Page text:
Pennsylvania releases public schools' report cards
October 14, 2016 12:00 AM
Haley Miller, left, reads to Lauren Smith from the book "I Love My Daddy" in the classroom at McIntyre Elementary in Ross. The school received a SPP score of 88.4.
Students in a class at Mt. Lebanon Senior High School, which received a SPP score of 92.1.
By Molly Born / Pittsburgh Post-Gazette
Technically, the latest state report card scores for the majority of elementary and middle schools across Pennsylvania were lower than the ones in 2014, the most recent year the School Performance Profile data was collected for K-8 schools.
But don’t call it a “drop,” warned Matthew Stem, the state Department of Education’s deputy secretary for elementary and secondary education.
“We want to caution against comparing the K-8 scores with the scores that they would have last received in 2014 because they’re [based on] two different tests. So it’s not an apples-to-apples comparison,” he said.
Allegheny Intermediate Unit executive director Linda Hippert echoed those remarks: “Looking back to SPP scores two years ago is best described as irrelevant because we are looking at something new this year.”
PG graphic: School Performance Profile scores (Click image for larger version)
Made public Thursday, this year’s School Performance Profile includes for the first time the scores from the new Pennsylvania System of School Assessment tests for grades K-8 that educators say are more rigorous than the old exam. And because the PSSA and other standardized tests, the Keystone exams for high school students, make up such a large part of the profile score, some districts said they expected a lower profile scores. (Only high schools were included in the profiles last year.)
Students in several Allegheny County school districts made some gains on the 2016 PSSA, and some scores were flat.
The profile scores, which grade individual schools on a scale of 100 — with the chance to earn seven extra points — are based mostly on standardized test scores, and to a lesser degree on graduation rates, participation in Advanced Placement courses and attendance.
Unlike the PSSAs, the end-of-course Keystone exams have not changed, and Mr. Stem said Keystone scores were up across the state this year. Districts with schools that have historically earned high marks on the profile likewise did well this year. Upper St. Clair High School was among the top, with 101.3 points.
Mr. Stem said the Department of Education doesn’t come up with a statewide mean or average profile score among the schools in the state’s 500 districts, more than 160 bricks-and-mortar charter schools and 14 cyber charter schools, saying the report cards are “designed to be a local snapshot at the school level.”
But to get a fuller picture, good old-fashioned communication between families and teachers about their child’s progress is essential, said Upper St. Clair district superintendent Patrick T. O’Toole.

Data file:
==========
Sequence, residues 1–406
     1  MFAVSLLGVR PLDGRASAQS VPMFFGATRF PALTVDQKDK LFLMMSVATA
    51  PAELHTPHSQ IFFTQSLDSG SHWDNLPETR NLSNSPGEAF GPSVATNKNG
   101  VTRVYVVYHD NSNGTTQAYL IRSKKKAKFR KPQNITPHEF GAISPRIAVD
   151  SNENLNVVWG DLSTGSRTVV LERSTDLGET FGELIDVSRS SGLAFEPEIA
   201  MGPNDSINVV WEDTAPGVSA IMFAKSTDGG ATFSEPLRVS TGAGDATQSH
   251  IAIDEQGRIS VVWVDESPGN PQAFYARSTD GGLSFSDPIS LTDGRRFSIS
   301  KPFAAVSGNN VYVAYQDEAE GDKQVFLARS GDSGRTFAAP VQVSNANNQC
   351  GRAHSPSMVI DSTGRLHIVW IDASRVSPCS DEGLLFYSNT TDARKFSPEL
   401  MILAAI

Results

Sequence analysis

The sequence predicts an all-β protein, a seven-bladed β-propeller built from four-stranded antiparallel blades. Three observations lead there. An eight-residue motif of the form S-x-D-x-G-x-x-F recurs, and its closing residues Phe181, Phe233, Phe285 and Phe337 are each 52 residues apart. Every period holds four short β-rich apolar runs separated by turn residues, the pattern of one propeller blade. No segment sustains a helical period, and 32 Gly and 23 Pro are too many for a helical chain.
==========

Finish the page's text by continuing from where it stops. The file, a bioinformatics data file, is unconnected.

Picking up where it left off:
“That’s still the most important variable. I don’t want to diminish the data, but I think you have to look at it with a critical eye,” he said.
Educators and politicians alike are doing just that. Gov. Tom Wolf and Department of Education Secretary Pedro Rivera have been seeking input for months on how to develop a more “holistic” School Performance Profile, Mr. Stem said. At a recent visit to Pittsburgh on his Schools That Teach tour, Mr. Wolf called making the SPP fair a “top priority.”
“You want to make it so that these are not high-stakes tests, that everything isn’t riding on changes from year to year, which could have nothing to do with what goes on in the classroom.”
But, he added, accountability is key. “I’m looking for that in education: really good, hard and fast accountability, but accountability that’s fair — fair to the taxpayers, fair to the teachers, fair to the students.”
City Charter High School in Downtown, which enrolls roughly 620 students — nearly 70 percent of them low-income — sent a press release out Thursday afternoon touting its School Performance Profile score of 89.8.
“This is our highest SPP score ever,” and the highest among high schools in the city of Pittsburgh, said CEO and principal Ron Sofo. “We don’t think we’re all that, but we do believe that we’re walking that talk with integrity, which is what charter schools were initially envisioned to be.”
Last week, the president of the Pittsburgh school board said she was “shocked” by the results of the district's profile showing nearly two-thirds of its schools scored below 60. Only two schools — Science and Technology Academy 6-12 and CAPA 6-12 — scored from 80 to 89. Beechwood K-5, Brookline K-8, Concord K-5 and Allderdice and Carrick high schools fell in the 70 to 79 range.
The district released the results at a board meeting Oct. 5.
Profile scores aren’t posted for a “handful” of schools across the state that have questioned their results. Mr. Stem said. “We’ve pulled those down and are working with schools individually” out of “an abundance of caution.”
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